FILIPINOS should brace for drier conditions and below-normal rainfall due to the weak El Niño episode over the Pacific Ocean, the weather bureau said Wednesday.
Vicente Malano, officer in charge of the Philippine Atmospheric, Geophysical and Astronomical Services Administration, said the phenomenon will bring about lower rainfall until July but the situation should improve by August.
“It will be drier than the normal dry,” Melano told reporters.
He made his statement even as Agriculture Secretary Proceso Alcala on Wednesday ordered all his department’s regional offices, bureaus and attached agencies to be prepared for El Niño.
He said he was hoping for a minimal effect on the major crops as the initial reports from the field showed that the harvesting of rice and corn crops started as early as last month.
“Field validation is ongoing and the DA will come up with figures at the soonest possible time,” Alcala said.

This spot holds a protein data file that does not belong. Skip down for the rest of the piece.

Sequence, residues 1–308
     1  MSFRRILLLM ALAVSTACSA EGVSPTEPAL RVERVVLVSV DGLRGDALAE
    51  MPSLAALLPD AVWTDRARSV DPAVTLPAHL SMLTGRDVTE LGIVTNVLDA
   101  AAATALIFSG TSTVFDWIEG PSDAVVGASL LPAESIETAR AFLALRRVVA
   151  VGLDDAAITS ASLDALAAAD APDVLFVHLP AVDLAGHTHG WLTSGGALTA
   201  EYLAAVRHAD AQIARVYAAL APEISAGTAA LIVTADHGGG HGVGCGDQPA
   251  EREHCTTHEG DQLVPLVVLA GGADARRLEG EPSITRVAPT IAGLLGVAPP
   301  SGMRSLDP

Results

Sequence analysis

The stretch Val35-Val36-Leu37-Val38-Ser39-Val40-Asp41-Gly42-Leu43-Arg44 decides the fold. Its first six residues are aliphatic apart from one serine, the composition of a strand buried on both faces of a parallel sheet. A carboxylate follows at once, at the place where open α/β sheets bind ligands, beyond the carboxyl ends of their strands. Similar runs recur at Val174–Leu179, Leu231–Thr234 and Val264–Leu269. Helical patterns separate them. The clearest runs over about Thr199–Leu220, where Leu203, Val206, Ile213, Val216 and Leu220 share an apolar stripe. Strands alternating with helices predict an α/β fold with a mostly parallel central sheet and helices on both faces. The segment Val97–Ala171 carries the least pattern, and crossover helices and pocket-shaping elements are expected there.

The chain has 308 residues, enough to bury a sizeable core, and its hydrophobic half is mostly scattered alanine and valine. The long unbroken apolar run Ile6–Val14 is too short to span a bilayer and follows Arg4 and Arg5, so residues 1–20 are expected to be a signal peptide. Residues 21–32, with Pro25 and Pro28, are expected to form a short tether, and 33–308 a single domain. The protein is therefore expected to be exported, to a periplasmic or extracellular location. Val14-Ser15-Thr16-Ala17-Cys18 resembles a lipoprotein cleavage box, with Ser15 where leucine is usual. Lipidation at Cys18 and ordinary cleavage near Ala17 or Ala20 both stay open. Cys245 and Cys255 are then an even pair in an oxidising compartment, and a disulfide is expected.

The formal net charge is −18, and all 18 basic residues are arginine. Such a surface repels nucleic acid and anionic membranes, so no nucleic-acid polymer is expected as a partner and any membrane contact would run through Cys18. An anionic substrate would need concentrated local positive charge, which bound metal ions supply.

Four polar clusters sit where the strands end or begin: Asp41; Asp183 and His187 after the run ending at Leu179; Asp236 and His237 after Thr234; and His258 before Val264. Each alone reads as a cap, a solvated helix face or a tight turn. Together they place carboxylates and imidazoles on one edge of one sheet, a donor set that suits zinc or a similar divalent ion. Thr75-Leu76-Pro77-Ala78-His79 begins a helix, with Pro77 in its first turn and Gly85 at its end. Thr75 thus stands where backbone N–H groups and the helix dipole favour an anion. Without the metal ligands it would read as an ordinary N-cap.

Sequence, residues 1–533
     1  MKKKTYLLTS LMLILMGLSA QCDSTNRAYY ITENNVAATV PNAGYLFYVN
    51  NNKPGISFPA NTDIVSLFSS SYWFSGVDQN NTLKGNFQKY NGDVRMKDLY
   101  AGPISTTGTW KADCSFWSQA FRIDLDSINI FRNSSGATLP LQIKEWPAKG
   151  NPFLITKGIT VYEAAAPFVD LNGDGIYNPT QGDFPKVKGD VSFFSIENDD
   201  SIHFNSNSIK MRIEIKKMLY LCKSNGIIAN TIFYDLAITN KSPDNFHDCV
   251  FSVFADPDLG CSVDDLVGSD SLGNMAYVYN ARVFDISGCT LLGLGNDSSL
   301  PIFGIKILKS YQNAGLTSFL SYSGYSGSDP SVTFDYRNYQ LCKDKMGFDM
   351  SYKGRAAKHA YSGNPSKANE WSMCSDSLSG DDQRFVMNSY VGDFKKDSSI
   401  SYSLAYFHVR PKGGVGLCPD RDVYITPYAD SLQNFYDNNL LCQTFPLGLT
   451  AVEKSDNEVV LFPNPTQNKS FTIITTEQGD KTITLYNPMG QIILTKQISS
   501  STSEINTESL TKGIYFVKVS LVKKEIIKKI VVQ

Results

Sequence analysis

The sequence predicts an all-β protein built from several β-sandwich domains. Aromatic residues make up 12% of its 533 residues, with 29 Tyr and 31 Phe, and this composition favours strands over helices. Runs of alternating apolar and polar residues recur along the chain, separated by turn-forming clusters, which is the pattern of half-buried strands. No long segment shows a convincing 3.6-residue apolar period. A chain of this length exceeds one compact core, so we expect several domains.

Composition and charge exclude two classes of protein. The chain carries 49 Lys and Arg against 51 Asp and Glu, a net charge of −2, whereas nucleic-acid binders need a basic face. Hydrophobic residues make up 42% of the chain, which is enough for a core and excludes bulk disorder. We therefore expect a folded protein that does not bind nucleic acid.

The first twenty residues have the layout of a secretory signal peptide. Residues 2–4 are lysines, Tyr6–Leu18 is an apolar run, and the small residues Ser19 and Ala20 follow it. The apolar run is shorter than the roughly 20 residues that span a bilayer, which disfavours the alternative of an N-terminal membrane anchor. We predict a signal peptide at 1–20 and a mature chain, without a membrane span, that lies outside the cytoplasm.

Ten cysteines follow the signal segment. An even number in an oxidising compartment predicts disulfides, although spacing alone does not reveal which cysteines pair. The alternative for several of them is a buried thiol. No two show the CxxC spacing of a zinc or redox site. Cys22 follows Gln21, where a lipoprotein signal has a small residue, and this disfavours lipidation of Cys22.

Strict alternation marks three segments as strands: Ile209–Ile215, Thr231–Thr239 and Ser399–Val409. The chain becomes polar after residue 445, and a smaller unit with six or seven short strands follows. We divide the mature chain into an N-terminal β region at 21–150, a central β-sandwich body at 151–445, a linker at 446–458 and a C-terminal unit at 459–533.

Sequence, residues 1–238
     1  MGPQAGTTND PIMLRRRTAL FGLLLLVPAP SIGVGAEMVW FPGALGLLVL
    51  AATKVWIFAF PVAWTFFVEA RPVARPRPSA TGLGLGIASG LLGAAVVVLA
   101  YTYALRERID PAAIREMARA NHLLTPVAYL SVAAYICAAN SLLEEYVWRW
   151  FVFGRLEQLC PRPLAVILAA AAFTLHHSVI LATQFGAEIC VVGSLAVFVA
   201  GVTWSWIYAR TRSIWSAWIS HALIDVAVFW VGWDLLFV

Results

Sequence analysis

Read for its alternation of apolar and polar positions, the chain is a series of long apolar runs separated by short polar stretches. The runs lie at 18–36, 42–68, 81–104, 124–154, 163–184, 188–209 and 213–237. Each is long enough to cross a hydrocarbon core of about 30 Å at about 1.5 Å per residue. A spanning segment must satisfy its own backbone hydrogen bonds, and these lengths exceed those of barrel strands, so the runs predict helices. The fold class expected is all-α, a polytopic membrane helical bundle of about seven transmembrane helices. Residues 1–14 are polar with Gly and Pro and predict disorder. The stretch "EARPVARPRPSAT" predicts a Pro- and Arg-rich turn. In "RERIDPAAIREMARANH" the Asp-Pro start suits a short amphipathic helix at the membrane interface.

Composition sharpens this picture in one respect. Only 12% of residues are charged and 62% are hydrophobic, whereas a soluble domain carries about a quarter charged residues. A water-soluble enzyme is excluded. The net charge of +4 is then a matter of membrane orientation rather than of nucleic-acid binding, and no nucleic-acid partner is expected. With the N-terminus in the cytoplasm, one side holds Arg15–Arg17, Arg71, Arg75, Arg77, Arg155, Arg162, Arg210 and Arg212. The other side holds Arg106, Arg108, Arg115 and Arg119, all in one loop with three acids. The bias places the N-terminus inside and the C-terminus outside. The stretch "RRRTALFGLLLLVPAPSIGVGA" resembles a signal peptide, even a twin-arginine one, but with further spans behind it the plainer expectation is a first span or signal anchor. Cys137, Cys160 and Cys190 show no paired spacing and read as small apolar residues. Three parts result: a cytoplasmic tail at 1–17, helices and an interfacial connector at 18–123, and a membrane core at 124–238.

Melano said below-normal rainfall will persist this month in most parts of the country, but “some areas will experience the same rainfall amount in April and the large areas in May due to the northeast monsoon.”
“June will expect a better rainfall condition,” Melano said.
“On the other hand, there will be more rain over the western section of the country in July, but near-normal to above-normal rainfall could only be felt in August.”
As early as November 2014, many parts of the country had already been experiencing less than the normal amount of rainfall, Melano said.
Anthony Joseph Lucero, Pagasa’s officer in charge of the Climate Monitoring and Prediction Section, said El Niño may not last longer, but Metro Manila will not be spared from the dry spell.
Still, Maximo Peralta, officer in charge of Pagasa’s Hydrometeorology Division, said Angat Dam would still be capable of supplying 97 percent of Metro Manila’s water needs despite the dry spell.
Lucero said the power supply in the country will hardly be affected by the dry spell. by the impact of the El Niño event, Lucero said.
“We must be happy that the phenomenon came during the dry season and not during the wet season,” Lucero said. With Anna Leah E. Gonzales